The Cambridge Companion to the Beats

Front Cover
Steven Belletto
Cambridge University Press, Feb 13, 2017 - Literary Criticism - 297 pages
The Cambridge Companion to the Beats offers an in-depth overview of one of the most innovative and popular literary periods in America, the Beat era. The Beats were a literary and cultural phenomenon originating in New York City in the 1940s that reached worldwide significance. Although its most well-known figures are Jack Kerouac, Allen Ginsberg, and William S. Burroughs, the Beat movement radiates out to encompass a rich diversity of figures and texts that merit further study. Consummate innovators, the Beats had a profound effect not only on the direction of American literature, but also on models of socio-political critique that would become more widespread in the 1960s and beyond. Bringing together the most influential Beat scholars writing today, this Companion provides a comprehensive exploration of the Beat movement, asking critical questions about its associated figures and arguing for their importance to postwar American letters.

What people are saying - Write a review

We haven't found any reviews in the usual places.


The Beat HalfCentury
Were Jack Kerouac Allen Ginsberg and William S Burroughs
Beatniks Hippies Yippies Feminists and the Ongoing American
Locating a Beat Aesthetic
Allen Ginsberg and Beat Poetry
Five Ways of Being Beat Circa 195859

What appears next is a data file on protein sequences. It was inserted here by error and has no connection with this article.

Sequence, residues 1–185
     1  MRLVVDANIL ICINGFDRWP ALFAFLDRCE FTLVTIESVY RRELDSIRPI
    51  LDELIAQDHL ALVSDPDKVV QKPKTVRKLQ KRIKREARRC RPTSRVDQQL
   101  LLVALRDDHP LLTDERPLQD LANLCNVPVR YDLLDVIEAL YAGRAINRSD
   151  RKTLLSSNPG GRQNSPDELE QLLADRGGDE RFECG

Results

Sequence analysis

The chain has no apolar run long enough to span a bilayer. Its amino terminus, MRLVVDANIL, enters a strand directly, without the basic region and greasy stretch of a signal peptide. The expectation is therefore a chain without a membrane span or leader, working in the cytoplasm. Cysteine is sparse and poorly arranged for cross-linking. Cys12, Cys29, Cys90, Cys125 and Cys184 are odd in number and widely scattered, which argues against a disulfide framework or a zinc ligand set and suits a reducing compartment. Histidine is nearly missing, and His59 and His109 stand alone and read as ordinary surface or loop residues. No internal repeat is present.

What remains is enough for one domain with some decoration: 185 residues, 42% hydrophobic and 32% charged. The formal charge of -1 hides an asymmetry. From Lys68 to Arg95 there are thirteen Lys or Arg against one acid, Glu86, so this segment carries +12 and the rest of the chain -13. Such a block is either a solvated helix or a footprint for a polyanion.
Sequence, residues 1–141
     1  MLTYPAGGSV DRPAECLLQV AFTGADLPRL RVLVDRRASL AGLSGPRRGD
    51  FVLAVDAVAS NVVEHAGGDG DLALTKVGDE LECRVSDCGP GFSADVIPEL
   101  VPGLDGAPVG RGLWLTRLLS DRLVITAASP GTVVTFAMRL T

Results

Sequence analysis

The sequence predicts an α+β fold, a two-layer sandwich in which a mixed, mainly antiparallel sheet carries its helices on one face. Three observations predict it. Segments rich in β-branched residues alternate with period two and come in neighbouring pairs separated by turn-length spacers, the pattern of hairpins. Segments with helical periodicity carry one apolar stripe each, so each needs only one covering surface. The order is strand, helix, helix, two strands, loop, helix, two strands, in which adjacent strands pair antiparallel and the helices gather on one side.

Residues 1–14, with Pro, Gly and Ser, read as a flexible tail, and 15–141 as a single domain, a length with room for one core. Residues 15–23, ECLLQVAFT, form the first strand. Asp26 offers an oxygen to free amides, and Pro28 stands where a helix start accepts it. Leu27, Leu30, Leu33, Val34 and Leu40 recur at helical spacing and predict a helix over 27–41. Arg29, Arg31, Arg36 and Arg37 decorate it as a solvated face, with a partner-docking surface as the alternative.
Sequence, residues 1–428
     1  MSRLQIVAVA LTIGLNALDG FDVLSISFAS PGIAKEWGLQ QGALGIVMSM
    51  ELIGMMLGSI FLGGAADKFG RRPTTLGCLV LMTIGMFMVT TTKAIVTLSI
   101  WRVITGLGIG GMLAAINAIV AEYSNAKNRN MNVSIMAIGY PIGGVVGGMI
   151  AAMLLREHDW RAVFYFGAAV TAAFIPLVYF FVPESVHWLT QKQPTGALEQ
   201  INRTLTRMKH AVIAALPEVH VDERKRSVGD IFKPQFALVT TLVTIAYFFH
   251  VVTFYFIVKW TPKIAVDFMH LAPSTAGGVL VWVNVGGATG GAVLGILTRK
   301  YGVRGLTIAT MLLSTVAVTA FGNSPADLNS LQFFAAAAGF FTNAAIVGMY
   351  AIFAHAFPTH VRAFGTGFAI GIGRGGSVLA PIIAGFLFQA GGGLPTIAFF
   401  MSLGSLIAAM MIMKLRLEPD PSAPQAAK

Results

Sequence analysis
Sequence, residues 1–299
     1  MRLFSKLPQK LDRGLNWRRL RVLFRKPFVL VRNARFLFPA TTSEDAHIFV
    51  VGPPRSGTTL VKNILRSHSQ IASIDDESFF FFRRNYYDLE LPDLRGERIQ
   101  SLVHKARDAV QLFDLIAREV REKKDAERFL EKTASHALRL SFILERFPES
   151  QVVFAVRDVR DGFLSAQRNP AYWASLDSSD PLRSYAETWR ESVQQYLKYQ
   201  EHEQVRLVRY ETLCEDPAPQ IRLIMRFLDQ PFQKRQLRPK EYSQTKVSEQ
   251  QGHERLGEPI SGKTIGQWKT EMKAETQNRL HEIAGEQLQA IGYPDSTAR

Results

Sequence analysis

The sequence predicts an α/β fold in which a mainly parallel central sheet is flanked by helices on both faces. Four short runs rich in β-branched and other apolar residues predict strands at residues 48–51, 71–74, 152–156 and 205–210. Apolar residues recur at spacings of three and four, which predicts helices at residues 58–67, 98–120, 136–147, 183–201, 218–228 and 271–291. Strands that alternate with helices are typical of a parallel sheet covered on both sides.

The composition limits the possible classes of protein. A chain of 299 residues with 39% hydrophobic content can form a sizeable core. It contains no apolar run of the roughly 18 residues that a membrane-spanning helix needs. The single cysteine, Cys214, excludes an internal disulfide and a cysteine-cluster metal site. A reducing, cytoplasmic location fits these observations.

Jack Kerouac and the Beat Novel
Beating Postmodernism
The Beats and Gender
The Beats and Sexuality
The Beats and Race
On Beat Transnationalism
Buddhism and the Beats
Gregory Corsos Christian Poetics
Jazz and the Beat Generation
The Beats and Visual Culture

Joyce Johnson and Beat Memoir
Beat Writers and Criticism

Other editions - View all

Common terms and phrases

About the author (2017)

Steven Belletto is Associate Professor of English at Lafayette College, Pennsylvania. He is author of No Accident, Comrade: Chance and Design in Cold War American Narratives (2012), co-editor of American Literature and Culture in an Age of Cold War: A Critical Reassessment (2012) and editor of the volume American Literature in Transition, 1950-1960 (Cambridge, forthcoming). He is also the author of numerous articles on post-1945 American literature and culture that have appeared in journals such as American Literature, American Quarterly, ELH, and Twentieth-Century Literature. From 2011 to 2016 he was Associate Editor for the journal Contemporary Literature, for which he is currently co-editor.

Bibliographic information